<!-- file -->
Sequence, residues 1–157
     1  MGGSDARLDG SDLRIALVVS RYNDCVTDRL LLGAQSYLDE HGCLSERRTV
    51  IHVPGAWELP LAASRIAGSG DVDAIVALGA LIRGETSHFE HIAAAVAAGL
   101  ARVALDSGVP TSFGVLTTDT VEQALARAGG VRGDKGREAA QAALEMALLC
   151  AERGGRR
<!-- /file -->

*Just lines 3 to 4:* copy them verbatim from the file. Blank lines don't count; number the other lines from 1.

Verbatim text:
    51  IHVPGAWELP LAASRIAGSG DVDAIVALGA LIRGETSHFE HIAAAVAAGL
   101  ARVALDSGVP TSFGVLTTDT VEQALARAGG VRGDKGREAA QAALEMALLC